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What You Pay in Time

Photo: Lauren Hammond

You probably think about costs in terms of dollars (or whatever your local currency is). I suggest that you experiment with an alternative way of thinking — think about costs in terms of time: The time you spend earning the money. (See also: Track Your Spending. Or Not.)

There’s a famous part in “Walden” where Thoreau argues that it’s cheaper to walk than to take the train — if both people start from zero.

Thoreau gets up and heads off walking toward your mutual destination. You, planning to take the train, first have to go to work and earn the money to buy a ticket. Given the wages and ticket prices at the time, it’s almost a day’s pay to buy the ticket, meaning that Thoreau had a good chance of getting there ahead of you, even though it will take him all day to walk.

Plus, Thoreau gets to spend the day on a pleasant walk in the countryside, while you’re spending the day working.

Depending on what you earn and how much the ticket cost, the results might be different for you. But the point is that you ought to do the calculation.

You ought to do the calculation for everything.

Of course, things are more complicated than in Thoreau’s day. He made a big point that having to buy new clothes to undertake some new enterprise was a danger sign — it would take days or weeks of labor just to get even for the cost of your new wardrobe. He would have been horrified at the idea that having a job meant that you had to buy a car — it takes weeks or months of labor to cover that cost. (And weeks more every year, to pay for registering, insuring, fueling, and maintaining the car.)

He probably would have been horrified at the idea of income taxes, too.

That’s the calculation I want you do — for any expense, what is your all-in cost in terms of time. By “all-in” I mean for you to include not just the time you spend working. You also want to include both the time you spend supporting your work habit — your commute, the hours you spend sitting in a stupor after work because you’re exhausted, the time you spend on vacation escaping from your work — plus the time you spend earning the things you only need to pay for because you’re working — tools, clothes you buy because you need to “look nice” at work, your car, and so on.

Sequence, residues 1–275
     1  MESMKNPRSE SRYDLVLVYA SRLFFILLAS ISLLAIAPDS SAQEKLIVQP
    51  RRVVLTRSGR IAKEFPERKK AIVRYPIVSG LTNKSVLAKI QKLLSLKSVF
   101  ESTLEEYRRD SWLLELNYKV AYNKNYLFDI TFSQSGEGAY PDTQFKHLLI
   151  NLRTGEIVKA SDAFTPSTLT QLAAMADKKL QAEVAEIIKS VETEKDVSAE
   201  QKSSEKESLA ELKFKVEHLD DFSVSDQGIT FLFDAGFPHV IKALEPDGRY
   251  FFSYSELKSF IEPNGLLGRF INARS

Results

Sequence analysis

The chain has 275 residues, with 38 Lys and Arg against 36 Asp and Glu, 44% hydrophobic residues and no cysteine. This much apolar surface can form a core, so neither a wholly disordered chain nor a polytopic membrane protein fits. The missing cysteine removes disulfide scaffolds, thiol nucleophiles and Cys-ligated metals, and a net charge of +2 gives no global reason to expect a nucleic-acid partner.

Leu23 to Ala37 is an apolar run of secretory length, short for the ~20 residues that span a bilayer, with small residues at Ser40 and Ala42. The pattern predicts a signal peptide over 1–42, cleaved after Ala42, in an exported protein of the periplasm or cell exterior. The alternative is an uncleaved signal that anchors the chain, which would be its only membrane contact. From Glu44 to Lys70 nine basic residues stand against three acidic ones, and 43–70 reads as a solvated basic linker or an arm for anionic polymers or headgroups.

A lot of people have thought of making this calculation before me, of course. In particular, it’s a central theme in the book “Your Money or Your Life” by Joe Dominguez and Vicki Robin. (I wrote a review of the book for Wise Bread.)

The point is to make yourself a thoughtful consumer. It probably only takes you a few minutes to earn enough to buy a snack, if you do the calculation in terms of your gross pay.

Instead, do the calculation the right way. Figure it in terms of your net pay, after taxes have been deducted. Figure it in terms of the hours you actually spend, including your commute.

Only when you do the calculation correctly do you have the information you need to make an informed decision about whether this or that little indulgence is worth it, in terms of the minutes of your life you spend earning it.

If you try to do the calculation for real, you’ll run into borderline cases. Is it a work expense to hire a lawn service? If you work so many hours you don’t have time to mow your own lawn, maybe it is. Is it a work expense to go to the hairstylist? If your boss insists that you look your best for customers, maybe it is. Is it a work expense to hire a tax accountant? If your taxes are more complex because of your job — or if you don’t have time to do them yourself because of your job — maybe it is. No doubt part of your vacation is pleasure; it’s not merely an escape from work.

Don’t get hung up on details like that. The goal isn’t to come up with the one precisely true number. The initial goal is to be clear in your own mind about how much of your time is spent supporting your efforts to earn money — and how much of that money is spent just to enable you to spend your time that way.

The deeper goal is to align your spending with your values.

How many hours does it take to buy a week’s worth of meals? If the answer is what you expected, you’re all set. If the answer is a shock to you, then maybe your spending is not properly aligned with your values. Maybe you’d honor your own values better by eating out less. Maybe you’d honor your own values better by eating less expensive meat and more cheap rice and beans. On the other hand, maybe spending the extra hours commuting and working so your family can eat locally grown organic food is exactly in line with your values.

I don’t know. I can’t know. Only you can figure these things out. I just want to provide this extra tool for figuring them out accurately — think about what you pay in terms of time.

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